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On the Creative Neighborhood's Two Basic Forms

Richard Florida discusses a study comparing the neighborhoods that house "creative" industries. Science and tech tends to favor low-density office parks, while arts and cultural industries prefer mixed-use urban districts.
May 19, 2015, 5am PDT | Philip Rojc | @PhilipRojc
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La Citta Vita

In a piece for CityLab, Richard Florida reports on a study by Greg Spencer into "creative" and "innovative" urban districts. From research covering Canada's major metropolitan regions, two distinct land use typologies emerge: science-based and creative. 

For the study, "Spencer defines high-tech or 'science-based' industries as spanning computer, software, pharmaceuticals and medicine, as well as research and development, while 'creative' industries include film and video, music, radio and television, and design, as well as independent artists, writers and performers."

Findings confirmed that "the science-based firms and industries are out in the suburbs, along highway interchanges, and in newer, low density suburban campuses. The creative industry locations are much more urban, dense, closer to the core of the city, walkable, mixed-use and often served by public transit."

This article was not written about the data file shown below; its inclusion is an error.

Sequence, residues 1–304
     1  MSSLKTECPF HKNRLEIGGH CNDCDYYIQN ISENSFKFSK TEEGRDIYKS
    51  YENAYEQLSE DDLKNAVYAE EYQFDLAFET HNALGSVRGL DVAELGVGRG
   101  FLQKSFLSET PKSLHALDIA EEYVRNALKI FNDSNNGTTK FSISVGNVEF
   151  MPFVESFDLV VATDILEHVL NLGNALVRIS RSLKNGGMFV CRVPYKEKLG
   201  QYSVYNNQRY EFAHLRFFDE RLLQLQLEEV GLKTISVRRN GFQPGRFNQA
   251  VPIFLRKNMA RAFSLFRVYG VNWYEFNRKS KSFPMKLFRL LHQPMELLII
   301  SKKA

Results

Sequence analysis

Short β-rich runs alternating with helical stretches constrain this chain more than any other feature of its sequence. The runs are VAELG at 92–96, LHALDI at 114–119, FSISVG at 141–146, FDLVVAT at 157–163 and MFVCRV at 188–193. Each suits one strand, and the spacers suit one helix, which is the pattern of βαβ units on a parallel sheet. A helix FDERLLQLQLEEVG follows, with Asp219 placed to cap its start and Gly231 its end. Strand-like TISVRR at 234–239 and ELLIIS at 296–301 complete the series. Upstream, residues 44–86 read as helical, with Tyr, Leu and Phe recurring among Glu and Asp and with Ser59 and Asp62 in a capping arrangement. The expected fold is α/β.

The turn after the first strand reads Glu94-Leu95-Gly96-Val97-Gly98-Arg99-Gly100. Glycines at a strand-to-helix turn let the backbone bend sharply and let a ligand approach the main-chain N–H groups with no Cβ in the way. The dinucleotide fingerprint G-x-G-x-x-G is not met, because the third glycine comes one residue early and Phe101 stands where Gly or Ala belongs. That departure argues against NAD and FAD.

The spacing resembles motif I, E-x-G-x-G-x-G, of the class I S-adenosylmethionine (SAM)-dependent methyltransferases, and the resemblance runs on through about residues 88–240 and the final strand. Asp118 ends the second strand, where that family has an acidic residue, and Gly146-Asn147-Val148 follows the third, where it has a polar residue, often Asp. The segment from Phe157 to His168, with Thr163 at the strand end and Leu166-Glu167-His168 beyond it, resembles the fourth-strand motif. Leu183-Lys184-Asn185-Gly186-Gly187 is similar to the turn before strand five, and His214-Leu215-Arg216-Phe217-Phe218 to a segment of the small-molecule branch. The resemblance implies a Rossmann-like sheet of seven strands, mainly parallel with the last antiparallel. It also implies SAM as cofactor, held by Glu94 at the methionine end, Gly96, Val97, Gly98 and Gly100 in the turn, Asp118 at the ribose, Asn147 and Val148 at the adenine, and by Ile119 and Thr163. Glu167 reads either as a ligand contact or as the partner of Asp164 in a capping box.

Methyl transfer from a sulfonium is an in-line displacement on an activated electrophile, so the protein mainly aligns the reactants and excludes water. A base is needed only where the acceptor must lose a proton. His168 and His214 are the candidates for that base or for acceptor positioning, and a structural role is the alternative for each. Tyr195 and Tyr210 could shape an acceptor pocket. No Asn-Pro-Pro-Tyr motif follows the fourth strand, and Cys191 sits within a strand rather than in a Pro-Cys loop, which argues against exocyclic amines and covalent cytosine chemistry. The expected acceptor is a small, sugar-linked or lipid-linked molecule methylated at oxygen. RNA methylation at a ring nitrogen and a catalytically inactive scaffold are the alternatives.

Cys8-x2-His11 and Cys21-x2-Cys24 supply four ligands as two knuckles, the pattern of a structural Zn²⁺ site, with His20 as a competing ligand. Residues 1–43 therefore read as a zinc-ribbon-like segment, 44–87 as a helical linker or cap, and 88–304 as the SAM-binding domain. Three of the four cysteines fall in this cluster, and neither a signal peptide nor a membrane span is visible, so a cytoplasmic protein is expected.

Florida discusses theories about why land use patterns fall into these two camps. Reasons include:

  • Tech firms tend to be larger than creative firms, both in terms of employees and square footage
  • Social networks are more important in the creative fields
  • Creative firms are willing to pay higher rents to be close to similar businesses
However, high-tech and urban "innovation districts" may one day supersede this divide.
Full Story:
Published on Tuesday, May 12, 2015 in CityLab
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